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General Resume Tips


Create a Career Outline

Think of your resume as the story of your career. As such, it needs to be organized to best highlight your strengths. If you were to be asked, "what have you accomplished?", where would you start?
  • If you are fresh out of school, use your education as your strong point. GPA, accolades, club participation, etc. will be your focus.
  • If you have 20 years of solid experience, start defining your accomplishments during each job role.
  • If you have five years of experience, you will divide your strengths between education/certification and experience.

Introduce Yourself

Always start with your name and contact information. From there, decide if you need an introduction or objective statement. This is a personal decision and should be worded carefully if used. If you use this section, do not get too personal and do not use "I" or the ever-popular "Seeking to . . .". Be simple and straightforward: "Microsoft Certified Systems Engineer (MCSE) with seven years of IT Consulting experience. Skilled at assessing project needs, training end users, and installing, managing, and configuring systems."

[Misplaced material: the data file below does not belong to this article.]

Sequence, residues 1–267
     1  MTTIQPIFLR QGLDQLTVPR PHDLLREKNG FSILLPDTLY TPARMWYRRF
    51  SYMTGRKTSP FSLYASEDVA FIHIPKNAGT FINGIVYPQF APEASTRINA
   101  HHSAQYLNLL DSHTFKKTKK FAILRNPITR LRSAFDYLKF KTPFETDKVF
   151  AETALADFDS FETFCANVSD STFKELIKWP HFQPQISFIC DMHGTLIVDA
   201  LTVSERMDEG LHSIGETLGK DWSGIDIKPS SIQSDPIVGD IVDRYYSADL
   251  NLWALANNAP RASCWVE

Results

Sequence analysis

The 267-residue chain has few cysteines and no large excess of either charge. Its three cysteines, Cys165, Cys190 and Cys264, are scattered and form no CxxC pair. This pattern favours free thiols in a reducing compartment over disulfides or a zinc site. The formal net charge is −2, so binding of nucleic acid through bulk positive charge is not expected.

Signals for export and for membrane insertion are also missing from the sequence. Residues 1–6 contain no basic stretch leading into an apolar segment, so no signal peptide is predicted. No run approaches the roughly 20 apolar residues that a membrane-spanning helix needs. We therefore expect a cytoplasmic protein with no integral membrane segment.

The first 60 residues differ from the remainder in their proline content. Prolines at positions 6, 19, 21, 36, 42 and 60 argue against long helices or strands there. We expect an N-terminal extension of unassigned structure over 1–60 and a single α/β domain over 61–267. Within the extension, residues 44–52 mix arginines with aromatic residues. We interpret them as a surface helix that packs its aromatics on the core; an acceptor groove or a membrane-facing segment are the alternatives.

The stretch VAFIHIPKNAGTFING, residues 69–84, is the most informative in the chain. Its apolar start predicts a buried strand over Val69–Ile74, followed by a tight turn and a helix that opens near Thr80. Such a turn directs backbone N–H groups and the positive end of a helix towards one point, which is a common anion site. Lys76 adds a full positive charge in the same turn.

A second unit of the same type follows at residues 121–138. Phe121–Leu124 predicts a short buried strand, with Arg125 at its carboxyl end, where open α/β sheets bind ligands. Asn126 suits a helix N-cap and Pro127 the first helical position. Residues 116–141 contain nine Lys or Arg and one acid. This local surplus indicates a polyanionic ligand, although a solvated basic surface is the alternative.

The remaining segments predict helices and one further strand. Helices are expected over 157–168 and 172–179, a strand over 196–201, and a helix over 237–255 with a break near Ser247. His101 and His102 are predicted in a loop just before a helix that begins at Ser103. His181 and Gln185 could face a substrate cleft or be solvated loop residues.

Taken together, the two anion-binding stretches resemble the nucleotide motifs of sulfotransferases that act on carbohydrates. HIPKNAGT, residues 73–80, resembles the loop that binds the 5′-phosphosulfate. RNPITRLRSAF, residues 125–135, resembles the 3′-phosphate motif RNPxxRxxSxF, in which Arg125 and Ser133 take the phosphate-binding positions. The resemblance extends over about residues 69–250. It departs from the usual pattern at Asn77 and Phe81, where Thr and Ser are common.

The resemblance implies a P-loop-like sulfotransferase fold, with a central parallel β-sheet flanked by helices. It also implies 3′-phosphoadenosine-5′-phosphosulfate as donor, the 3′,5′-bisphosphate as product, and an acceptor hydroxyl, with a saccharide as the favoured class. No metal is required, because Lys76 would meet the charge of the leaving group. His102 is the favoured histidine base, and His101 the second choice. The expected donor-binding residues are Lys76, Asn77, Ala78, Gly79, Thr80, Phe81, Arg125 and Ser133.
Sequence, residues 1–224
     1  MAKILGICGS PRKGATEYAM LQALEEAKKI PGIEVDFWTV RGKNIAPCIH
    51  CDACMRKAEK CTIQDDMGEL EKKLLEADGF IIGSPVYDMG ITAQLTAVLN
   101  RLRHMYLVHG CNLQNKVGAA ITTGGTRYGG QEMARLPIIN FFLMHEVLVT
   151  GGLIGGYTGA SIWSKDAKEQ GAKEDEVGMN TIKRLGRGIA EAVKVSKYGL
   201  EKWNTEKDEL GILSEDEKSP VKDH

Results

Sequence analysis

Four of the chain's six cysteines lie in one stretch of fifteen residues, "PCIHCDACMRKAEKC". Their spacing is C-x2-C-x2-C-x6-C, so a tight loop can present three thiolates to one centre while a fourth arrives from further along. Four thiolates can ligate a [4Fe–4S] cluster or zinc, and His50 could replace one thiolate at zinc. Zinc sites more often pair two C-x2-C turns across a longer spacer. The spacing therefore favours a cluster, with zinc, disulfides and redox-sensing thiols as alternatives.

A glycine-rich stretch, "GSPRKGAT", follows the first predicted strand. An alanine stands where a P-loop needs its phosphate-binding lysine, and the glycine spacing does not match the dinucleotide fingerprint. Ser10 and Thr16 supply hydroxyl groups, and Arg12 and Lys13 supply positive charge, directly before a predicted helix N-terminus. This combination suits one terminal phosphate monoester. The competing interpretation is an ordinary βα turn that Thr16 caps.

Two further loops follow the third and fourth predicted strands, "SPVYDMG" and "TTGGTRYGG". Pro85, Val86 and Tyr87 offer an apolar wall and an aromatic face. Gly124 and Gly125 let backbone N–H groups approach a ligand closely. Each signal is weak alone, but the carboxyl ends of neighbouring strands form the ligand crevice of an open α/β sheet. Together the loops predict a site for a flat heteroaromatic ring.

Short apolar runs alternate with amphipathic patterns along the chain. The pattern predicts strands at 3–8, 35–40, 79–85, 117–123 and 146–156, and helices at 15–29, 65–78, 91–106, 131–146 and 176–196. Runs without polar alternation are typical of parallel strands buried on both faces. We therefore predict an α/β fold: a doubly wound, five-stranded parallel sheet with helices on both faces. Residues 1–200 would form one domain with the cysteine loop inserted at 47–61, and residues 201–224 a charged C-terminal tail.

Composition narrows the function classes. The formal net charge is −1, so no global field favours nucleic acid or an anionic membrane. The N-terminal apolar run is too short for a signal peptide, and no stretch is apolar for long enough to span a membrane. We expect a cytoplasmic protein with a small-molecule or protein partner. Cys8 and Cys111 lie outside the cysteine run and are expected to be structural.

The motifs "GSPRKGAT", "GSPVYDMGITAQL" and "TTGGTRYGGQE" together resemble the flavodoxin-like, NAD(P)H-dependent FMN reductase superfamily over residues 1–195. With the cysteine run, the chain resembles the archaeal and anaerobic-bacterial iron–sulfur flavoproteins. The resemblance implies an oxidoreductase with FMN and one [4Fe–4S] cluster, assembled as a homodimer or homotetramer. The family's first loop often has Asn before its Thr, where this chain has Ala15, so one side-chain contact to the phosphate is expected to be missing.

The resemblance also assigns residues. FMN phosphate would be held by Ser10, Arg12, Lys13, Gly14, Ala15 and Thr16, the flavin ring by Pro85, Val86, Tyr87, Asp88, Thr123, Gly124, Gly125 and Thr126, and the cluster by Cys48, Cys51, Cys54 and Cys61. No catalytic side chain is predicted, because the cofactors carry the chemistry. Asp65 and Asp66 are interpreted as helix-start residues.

Beef Up Your Vocabulary

Throughout your resume use power words like maximize, dedicated, recognized, proficient, adept, capitalized, accomplished, motivated, decisive, strategic, etc. Show me more power words . . .

Use Numbers

Make sure to include numbers in the descriptions of your experience. Employers are notorious for wanting quantifiable achievements such as "Decreased costs by 20%" or "Exceeded expectations by completing 4 months prior to deadline and lowering project budget by 10%". Show me more phrases . . .

Use the Internet

Sites like Monster.com have some great free resources devoted to helping you create a great resume. Resume Example

Do Not . . .

  • Do not use "I" or "My". Do not say, "references provided upon request". This is assumed and does not need to be stated.
  • Do not list any skills that you are not proficient with. You may include a section titled "Exposure To" and list items that you have touched but not mastered.
  • Do not let a single typo or misspelling get by you. Have someone else proof your resume before sending it out.
  • Do not, without excellent reasons, include a section on hobbies. This information is not pertinent to your qualifications.
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